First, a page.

I applaud Matthew Spencer, I do. Here’s a kid who has enough nounce to rally 1500 signatures in his home town in aid of a cause he believes in.
The 17-year-old from Terang is out of a job because of the new retail award that now operates in his industry. He and six others used to work for one and a half hours after school. The job gave him pocket money and some petrol to put in his new car. He was learning the value of the dollar. But since the new award came into effect, his employer has been required to pay him for a minimum three hours per shift. And so, he’s been given the sack.
FWA is currently hearing a joint case from a number of retailers associations arguing a variety of difficulties they foresee with the new General Retail modern award. The National Retailers Association (NRA), in their submission to FWA, is terribly concerned for the students who may be disadvantaged by such minimum conditions.
Matthew sent a petition along with a sworn statement to Fair Work Australia (FWA) telling them how terrible the new minimum shift condition was. Fantastic! This country is short of politically active, interested, enthusiastic young folk!
I got my first job working in a greengrocer’s store. But the retail industry hires people other than students. It is a heavily casualised industry, one of the most award-reliant industries in the country, low-paid and unskilled. It hires mothers, and people who didn’t finish school. This isn’t the first time I’ve quoted the Fair Work Ombudsman as saying that the retail industry is ‘an industry which employs large numbers of young people and low-paid workers who may be vulnerable if they are not fully aware of their workplace rights’.
Okay, let’s be fair – it’s understandable that the NRA and their like-minded friends have this opinion. It’s their job to argue for such things. But Matthew Spencer? I wonder if anyone explained how these modern awards actually work.
Modern awards, like awards have always done, set the minimum set of entitlements and conditions for particular workers in particular jobs. If a group of workers and their employer decide that their award conditions don’t suit, they can negotiate a new set of conditions. These are called Enterprise Bargaining Agreements (EBAs). So, in practical terms, if Terang & District Co-op decided that they wanted to hire staff for an hour and a half after school, and the staff agreed, they could make an Agreement. Ta-da! All the kids get their jobs back.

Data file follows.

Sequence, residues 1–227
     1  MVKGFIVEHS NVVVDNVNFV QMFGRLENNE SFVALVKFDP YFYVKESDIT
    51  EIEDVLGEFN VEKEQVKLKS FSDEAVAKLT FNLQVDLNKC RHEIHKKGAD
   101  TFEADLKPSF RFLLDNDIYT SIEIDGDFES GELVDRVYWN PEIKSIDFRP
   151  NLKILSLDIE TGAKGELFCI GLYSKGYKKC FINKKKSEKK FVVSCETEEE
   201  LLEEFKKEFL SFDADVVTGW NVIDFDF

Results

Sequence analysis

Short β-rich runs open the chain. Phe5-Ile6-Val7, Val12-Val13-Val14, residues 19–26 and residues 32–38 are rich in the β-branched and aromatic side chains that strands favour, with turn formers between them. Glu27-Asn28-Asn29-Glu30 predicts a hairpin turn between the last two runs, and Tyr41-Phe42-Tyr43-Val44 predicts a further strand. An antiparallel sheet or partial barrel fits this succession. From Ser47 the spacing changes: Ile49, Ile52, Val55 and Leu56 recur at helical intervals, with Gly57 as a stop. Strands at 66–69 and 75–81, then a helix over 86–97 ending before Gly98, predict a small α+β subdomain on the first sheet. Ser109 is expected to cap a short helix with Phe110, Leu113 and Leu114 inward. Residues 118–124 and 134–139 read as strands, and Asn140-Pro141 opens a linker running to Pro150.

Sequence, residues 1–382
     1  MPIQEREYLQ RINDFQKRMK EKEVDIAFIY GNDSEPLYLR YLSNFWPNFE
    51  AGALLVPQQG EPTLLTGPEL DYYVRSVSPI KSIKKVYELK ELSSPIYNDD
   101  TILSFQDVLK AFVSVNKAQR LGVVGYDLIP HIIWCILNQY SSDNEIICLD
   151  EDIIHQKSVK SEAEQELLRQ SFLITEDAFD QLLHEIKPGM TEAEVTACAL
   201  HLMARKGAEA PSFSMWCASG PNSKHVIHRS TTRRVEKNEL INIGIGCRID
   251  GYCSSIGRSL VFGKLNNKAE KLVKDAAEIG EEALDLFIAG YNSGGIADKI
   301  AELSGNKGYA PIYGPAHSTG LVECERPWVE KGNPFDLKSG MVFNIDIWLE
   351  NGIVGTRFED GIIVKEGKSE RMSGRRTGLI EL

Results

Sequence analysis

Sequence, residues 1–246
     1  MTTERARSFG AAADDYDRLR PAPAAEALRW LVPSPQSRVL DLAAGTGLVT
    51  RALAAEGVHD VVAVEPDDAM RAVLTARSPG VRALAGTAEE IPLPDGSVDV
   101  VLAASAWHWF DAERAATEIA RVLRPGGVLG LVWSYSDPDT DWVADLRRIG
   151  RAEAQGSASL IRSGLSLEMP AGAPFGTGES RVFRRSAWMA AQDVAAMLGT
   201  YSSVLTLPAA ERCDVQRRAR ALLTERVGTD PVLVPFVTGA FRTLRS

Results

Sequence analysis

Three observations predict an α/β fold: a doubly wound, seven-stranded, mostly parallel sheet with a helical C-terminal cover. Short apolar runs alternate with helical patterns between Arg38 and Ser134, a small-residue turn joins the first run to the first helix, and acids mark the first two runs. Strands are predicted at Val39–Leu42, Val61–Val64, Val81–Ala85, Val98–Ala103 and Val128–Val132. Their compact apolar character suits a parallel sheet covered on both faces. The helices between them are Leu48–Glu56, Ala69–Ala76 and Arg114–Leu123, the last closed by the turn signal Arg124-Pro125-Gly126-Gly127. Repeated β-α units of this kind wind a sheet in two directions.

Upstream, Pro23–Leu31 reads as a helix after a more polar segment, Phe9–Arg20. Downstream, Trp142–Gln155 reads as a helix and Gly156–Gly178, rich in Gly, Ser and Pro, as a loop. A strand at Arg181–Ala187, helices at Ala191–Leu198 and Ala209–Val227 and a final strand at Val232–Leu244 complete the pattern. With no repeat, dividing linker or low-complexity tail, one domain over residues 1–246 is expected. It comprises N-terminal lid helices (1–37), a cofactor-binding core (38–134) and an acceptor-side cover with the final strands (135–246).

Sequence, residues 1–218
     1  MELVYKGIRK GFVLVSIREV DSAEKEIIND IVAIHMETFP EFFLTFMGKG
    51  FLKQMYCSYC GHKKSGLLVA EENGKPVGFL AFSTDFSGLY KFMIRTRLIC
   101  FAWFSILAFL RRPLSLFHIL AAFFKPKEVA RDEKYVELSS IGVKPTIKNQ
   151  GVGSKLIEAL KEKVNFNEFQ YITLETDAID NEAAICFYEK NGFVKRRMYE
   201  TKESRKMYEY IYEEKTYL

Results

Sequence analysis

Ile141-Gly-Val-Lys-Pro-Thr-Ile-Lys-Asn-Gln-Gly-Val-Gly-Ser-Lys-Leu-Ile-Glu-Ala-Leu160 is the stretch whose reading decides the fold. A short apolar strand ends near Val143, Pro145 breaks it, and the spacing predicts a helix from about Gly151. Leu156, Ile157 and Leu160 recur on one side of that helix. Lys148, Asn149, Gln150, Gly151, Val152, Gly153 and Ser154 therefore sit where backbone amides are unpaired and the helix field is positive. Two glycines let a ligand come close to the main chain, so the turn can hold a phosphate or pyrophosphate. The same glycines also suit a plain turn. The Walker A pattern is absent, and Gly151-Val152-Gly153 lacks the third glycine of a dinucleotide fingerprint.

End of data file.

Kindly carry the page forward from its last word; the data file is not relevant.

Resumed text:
The key word here is agreement. The award is there to provide minimum conditions in the absence of an agreement. So if I have to drive 45 minutes to get to work, I can’t be sent home after an hour unless I’ve previously considered the option and I’ve agreed to it. The award exists for people who aren’t politically active, interested or enthusiastic and, more importantly, who aren’t in a position to negotiate for a more suitable deal.
The unions have always championed minimum shift rules as a being a key element in preventing the exploitation of workers, especially those employed casually and who have very little control over their rosters. Even the Australian Chamber of Commerce and Industry (ACCI), the premier industry lobby in the country, recognises the minimum shift rule as an ‘understandable principle’.
Since losing his job, Matthew Spencer has learned that his boss should never have hired him to work a one and a half hour shift in the first place. Under his old award, the SDA’s Victorian Shops Award, he was entitled to a minimum payment of two hours per shift. In his statement to FWA, Matthew writes:
I understand that my employer has been told that they have to pay me some back pay because they did not pay me for a minimum number of hours. I do not want this back pay. I want my job back.
Well that’s very nice of you Matthew, but you don’t have to ask FWA to reduce the protections and entitlements of all casual workers in Australia’s retail industry just so you can get your job back. You need to ask your boss about the decision to sack you and six of your workmates rather than come up with an Agreement that would allow you to work the hours you want.
Overland is a not-for-profit magazine with a proud history of supporting writers, and publishing ideas and voices often excluded from other places.
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